Interviews with Writers

Interview | Annemarie Neary | Siren

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I’m delighted to welcoming Annemarie today who is chatting to us about her novel Siren.

Annemarie is an Irish-born novelist and short story writer, now living in London. Her awards for short fiction include the Bryan MacMahon and Michael McLaverty short story competitions (Ireland) and the Columbia Journal fiction prize (US).

Psychological thriller Siren is publishing on 24 March 2016.  Hutchinson (Penguin Random House UK)

Connect with Annemarie

Twitter @AnnemarieNeary1

Hi Annemarie,


Welcome to JJ



Please summarise Siren in 20 words or less.

A woman determined to force a politician to confront his past finds danger waiting on a remote Irish island.

What was the idea/inspiration for your novel?

The seed for the novel was a story I wrote some time ago about a young girl who is an unwitting pawn in a honey trap during the Northern Ireland Troubles. I became fascinated by the implications for the character further down the line. Would she be submerged by guilt? Or would she try to reinvent herself? And, if the latter, how long would that reinvention hold before the past came rushing in?

Who would you cast in the role of your characters if Siren were optioned for a movie?

I’d have Stephen Rea as Lonergan, Saoirse Ronan for Roisin as a young girl (I’m sure she could play a 16-year old, right?!). Since I’d have to fit in Michael Fassbender somewhere, he’d be Theo, the enigmatic Dutchman who also lives on the island. Boyle would fall somewhere between Mackenzie Crook and Robert Carlyle…

Still on the topic of movies, do you have a favourite adaptation?

I’ve seen two really strong movie adaptations this year – Brooklyn and Room.

If you could have given your characters one piece of advice before the opening pages of the book, what would it be …

Don’t do it!

Did you travel to any places Annemarie? Undergo any new experiences?

I’ve set 2/3 of the book in a location I know really well. I’ve spent lots of summers in West Cork, near a place called Roaringwater Bay which has many islands (though not a Lamb Island). Much of the geography for my fictional island is stolen from Cape Clear, the most beautiful and remote of these West Cork islands, which lies about 8 miles offshore near the Fastnet Rock which gives its name to the famous biennial yacht race.

Do you have a most creative time of day?

I’m a night owl so I love nothing more than to work late when everyone else is asleep. I like to get on with new stuff in the morning, but I’m not much good in the afternoon.

Pantster or a plotter Annemarie?

I’ve always tended to spluge and then cut, cut, cut. However, I have a fairly tight deadline for the next book so I am attempting to be much more organised. This time, I’ve had a pretty clear idea of the main thrust of the novel from the start and that has been a great help. Of course, there is still a lot of cutting and re-thinking to be done, but having a plan is a great comfort. So, by nature a pantser but learning the sense in planning.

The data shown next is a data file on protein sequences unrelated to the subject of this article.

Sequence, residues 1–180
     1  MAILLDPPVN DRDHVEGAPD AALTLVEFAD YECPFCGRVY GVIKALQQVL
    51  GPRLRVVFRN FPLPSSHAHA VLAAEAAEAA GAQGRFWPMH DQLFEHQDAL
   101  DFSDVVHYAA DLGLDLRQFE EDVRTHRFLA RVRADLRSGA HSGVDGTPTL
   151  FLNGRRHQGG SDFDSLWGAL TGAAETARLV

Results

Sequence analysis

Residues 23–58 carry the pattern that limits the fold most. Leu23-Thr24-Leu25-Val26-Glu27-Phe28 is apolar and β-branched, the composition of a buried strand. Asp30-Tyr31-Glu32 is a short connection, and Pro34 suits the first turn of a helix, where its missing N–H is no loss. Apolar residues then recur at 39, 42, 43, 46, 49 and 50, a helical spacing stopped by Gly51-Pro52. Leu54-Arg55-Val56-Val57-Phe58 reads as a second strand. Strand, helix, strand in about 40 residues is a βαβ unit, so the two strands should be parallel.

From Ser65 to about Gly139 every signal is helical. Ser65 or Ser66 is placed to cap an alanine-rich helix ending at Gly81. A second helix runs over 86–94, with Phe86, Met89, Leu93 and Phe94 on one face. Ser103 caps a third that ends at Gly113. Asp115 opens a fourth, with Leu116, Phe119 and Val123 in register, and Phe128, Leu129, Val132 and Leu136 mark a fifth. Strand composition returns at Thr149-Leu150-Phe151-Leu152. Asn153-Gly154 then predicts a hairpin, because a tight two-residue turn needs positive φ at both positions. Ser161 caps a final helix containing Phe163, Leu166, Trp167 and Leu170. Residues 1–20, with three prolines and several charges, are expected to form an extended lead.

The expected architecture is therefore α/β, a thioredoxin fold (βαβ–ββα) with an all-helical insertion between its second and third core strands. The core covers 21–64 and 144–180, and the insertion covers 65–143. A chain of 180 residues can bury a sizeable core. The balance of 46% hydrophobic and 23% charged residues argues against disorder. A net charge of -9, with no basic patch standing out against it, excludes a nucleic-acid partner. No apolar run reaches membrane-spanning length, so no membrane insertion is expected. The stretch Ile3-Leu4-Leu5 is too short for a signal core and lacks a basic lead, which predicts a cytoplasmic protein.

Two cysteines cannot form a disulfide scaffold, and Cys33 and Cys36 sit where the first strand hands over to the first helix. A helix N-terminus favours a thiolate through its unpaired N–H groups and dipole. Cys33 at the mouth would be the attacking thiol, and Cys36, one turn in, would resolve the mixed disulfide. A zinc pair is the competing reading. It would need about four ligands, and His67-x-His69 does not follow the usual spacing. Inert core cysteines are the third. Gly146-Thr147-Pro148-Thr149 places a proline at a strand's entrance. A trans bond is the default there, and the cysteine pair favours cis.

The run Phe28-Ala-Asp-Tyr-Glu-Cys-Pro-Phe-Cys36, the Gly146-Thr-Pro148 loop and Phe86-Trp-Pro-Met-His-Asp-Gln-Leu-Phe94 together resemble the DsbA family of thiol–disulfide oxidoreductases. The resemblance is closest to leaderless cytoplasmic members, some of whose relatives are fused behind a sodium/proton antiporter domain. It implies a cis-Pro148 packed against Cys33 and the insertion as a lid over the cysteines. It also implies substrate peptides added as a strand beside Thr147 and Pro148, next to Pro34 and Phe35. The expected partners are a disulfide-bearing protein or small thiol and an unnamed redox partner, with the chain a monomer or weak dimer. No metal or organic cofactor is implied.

What are you reading now? Opinion?

‘We have always lived in the Castle’ by Shirley Jackson, recently reissued by Penguin. A unique voice. Compelling. Dark. Disturbing.

Finally Annemarie, what are you currently working on?

I’m working on another psychological thriller, this time set in and around a South London common. A brother and sister leading very different lives are thrown into turmoil when it appears the mother who disappeared many years ago might still be alive.

Thank you for sharing with my blog readers today Annemarie.


Wishing you success with all your projects.


Róisín Burns has spent the past twenty years becoming someone else; her life in New York is built on lies.

A figure from her Belfast childhood flashes up on the news: Brian Lonergan has also reinvented himself. He is now a rising politician in a sharp suit. But scandal is brewing in Ireland and Róisín knows the truth.

Armed with the evidence that could ruin Lonergan, she travels back across the Atlantic to the remote Lamb Island to hunt him down.

But Lonergan is one step ahead; when Róisín arrives on the island, someone else is waiting for her…

Amazon UK

Amazon US

Siren has been described by Liz Nugent, author of Unravelling Oliver, as ‘gripping, riveting and full of suspense.’

Claire Fuller, author of Our Endless Numbered Days said ‘I loved Siren. Annemarie Neary’s crisp and beautiful writing cuts to the bone, a rarity in psychological thrillers.’

Siren is listed on The Irish Times books to watch out for in 2016 and is one of Isabel Costello’s Hot Picks 2016 on her blog, The Literary Sofa.

Will you be adding Siren to you to be read pile?

I've been blogging about my interests at Jera's Jamboree for 8+ years. My love of reading, crocheting and being out in nature are all things that help me unwind from my role as an Inclusion Lead in a primary school. I'm passionate about early help and sharing strategies with families to empower and help build resilience. I'm a member of of my Local Authority's Early Help Operational Board, working alongside other professionals to instigate change and growth.

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